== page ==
July 30, 2015

Today was our final class of HKR 3515 Introduction to Outdoor Recreation for Persons with Disabilities. This summer has past at such an alarming rate, I am sadden that everything is coming to an end this summer. We together as a class have grown to know one another in great amounts, and have formed many friendships which will last a lifetime. With this being said we still as always enjoyed ourselves. In todays class we spoke about the stages of team building in the morning portion of the day.

Team building is an essential activity for recreation providers to conduct when training people, meetings, or facilitation programs. There are five stages of team building: forming – the team is starting to know each other, storming – often members of the team are now comfortable and will try and test limits, norming – they may ask for help from one another, and resolve conflicts if any have arise, preforming – at this stage you have to be aware that your team has the potential to fall apart – ensure that you keep all together, and adjourning – the project is completed now, some members of the team may find this hard as relationships are formed over the course of the activity. Each of these steps plays a vital role in any activity wither from start to finish.I on a personal note continue to conduct team building activities whenever I have conducted a training program for staff, as the majority of these individuals do not know each other, and sometimes are nervous as they are in-front of completely new people. Typically towards the end of the session each person will walk away with making at least one connect with another in the training.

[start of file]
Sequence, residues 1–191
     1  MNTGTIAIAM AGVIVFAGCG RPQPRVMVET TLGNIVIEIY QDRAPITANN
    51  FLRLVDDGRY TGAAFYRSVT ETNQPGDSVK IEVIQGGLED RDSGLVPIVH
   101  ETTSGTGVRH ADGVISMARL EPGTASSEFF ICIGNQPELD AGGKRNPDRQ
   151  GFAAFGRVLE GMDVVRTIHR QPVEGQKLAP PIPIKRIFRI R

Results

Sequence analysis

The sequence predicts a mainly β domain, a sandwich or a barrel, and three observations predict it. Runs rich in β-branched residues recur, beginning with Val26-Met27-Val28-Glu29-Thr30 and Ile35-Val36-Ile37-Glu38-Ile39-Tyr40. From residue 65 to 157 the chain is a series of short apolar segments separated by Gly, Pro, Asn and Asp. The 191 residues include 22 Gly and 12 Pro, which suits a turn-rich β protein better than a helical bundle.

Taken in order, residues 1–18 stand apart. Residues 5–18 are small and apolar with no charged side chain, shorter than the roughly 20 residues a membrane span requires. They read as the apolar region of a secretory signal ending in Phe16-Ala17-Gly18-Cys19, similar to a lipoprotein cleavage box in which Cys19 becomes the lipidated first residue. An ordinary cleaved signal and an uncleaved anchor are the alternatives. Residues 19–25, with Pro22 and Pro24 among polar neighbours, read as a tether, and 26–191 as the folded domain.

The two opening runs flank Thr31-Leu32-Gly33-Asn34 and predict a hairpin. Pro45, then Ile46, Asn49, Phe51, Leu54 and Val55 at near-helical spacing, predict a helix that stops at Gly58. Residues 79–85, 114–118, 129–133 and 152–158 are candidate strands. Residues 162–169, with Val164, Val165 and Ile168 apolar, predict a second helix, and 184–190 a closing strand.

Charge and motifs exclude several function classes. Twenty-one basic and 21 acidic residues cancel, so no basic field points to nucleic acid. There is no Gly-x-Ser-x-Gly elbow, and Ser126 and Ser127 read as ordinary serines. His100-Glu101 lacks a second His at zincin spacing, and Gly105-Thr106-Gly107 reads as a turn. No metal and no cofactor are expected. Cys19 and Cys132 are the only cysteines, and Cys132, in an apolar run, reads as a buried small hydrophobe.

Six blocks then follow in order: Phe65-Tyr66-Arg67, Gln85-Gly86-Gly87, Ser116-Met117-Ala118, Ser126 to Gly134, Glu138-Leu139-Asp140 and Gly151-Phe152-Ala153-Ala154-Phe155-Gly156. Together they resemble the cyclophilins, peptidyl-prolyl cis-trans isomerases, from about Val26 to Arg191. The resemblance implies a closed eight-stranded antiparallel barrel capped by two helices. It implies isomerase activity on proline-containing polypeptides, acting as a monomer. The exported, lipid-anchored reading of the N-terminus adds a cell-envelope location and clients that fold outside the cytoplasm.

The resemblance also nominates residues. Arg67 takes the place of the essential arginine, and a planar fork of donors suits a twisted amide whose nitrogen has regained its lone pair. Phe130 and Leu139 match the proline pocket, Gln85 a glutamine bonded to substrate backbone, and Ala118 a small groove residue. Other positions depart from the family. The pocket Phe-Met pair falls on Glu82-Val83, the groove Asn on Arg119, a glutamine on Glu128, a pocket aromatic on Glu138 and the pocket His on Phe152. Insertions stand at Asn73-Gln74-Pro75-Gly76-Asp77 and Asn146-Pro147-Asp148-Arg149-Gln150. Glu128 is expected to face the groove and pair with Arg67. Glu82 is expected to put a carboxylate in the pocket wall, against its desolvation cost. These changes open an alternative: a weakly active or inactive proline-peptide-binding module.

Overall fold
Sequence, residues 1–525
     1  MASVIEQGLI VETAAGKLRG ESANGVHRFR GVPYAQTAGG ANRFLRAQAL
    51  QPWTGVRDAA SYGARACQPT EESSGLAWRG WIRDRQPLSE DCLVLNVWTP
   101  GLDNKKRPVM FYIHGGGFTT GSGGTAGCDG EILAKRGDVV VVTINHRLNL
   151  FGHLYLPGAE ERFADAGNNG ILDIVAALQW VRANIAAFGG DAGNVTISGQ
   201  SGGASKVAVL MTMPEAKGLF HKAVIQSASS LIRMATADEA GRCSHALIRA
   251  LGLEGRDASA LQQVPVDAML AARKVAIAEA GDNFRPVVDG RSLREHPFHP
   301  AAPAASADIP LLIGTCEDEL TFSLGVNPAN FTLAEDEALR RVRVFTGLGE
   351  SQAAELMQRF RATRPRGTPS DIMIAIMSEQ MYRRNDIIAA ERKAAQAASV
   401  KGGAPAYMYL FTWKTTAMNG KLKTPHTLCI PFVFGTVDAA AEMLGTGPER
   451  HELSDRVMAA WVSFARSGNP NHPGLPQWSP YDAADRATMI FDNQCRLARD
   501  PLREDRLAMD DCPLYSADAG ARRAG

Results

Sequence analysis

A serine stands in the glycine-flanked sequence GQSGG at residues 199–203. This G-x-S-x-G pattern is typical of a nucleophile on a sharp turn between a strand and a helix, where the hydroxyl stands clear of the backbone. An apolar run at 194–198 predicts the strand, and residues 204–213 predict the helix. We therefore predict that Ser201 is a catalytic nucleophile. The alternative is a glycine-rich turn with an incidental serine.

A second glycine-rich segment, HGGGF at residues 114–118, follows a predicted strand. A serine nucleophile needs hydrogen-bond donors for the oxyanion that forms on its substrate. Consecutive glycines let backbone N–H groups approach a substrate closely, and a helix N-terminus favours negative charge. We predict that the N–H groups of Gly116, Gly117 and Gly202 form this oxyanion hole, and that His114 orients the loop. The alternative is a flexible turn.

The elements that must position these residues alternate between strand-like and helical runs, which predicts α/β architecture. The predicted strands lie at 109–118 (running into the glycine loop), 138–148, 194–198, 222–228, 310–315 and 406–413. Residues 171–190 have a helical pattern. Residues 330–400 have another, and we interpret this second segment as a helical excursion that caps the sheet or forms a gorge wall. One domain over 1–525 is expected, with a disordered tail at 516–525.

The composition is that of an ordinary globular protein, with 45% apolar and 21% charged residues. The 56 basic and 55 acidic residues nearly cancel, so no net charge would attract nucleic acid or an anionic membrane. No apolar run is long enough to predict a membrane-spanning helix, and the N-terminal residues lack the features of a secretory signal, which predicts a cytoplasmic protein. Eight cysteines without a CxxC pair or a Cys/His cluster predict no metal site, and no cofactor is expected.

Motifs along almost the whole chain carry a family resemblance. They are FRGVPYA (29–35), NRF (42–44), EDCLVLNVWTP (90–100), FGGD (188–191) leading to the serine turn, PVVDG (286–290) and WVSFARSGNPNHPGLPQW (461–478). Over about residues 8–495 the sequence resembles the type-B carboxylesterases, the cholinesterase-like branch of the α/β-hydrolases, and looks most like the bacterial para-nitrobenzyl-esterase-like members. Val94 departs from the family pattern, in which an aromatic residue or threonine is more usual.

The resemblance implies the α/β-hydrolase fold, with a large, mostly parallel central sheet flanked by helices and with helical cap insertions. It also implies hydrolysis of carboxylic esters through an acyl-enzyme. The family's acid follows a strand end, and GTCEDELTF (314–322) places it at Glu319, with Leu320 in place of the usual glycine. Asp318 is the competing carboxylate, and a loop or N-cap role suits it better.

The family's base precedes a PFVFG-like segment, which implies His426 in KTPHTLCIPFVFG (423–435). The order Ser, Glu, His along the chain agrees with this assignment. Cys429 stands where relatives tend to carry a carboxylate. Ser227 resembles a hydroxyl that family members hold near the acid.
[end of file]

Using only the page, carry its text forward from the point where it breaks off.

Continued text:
After this was finished we then in our afternoon portion of class moved to trust building activities. These activities have a risk factor involved, as the person who is catching you – yourself has to have a sense of trust in the person(catcher). For this activity Colin and I were partnered up for the session. These are tasks that I have done in previous training seminars, which I have attended – would I feel comfortable conducting and teaching these in my own training sessions? No, as I still am learning more skills and techniques continually. You the trainer would have to grasp a sense of understanding of the targets audience capabilities. Some examples of trust falls that we tried during class were Trust Lean and Willow in the Wind to name a few. The trust lean is with you and one partner, each lean you take the catcher will move back further and further ensuring this is within the your comfort zone. The Willow in the Wind was when approximately six – to – eight people surround one person who is the “willow”, as the willow leans towards people they lightly push him/her away. In saying this, at no point is the “willow” to become the ping-pong ball for lack of better word. They are to remain relaxed at all times. Both of these activities all seemed to enjoy alike with myself.

With this being said, there are three things that we must keep in mind when conducting these types of activities. Goals of your client – ensure that what is being offered matches the needs. Second, Stigma – everyone is welcomed – release any perceived conceptions. Third, Safety – this is to remain your top priority when conducting any type of program, training, event, and further. Overall these activities have various benefit as stated in the above.

I have found this course has given me a further and bettered my understand of how almost anything you put your mind to is adaptable. I will take away the activities that Dr. Loeffler has educated and taught us throughout this course. Are we exporters in each session we had? No we are well underway to become knowledgeable in the topics at hand.

Well wishes,

Ryan Lawlor

“The past has no power over the present moment.”

– Eckhart Tolle

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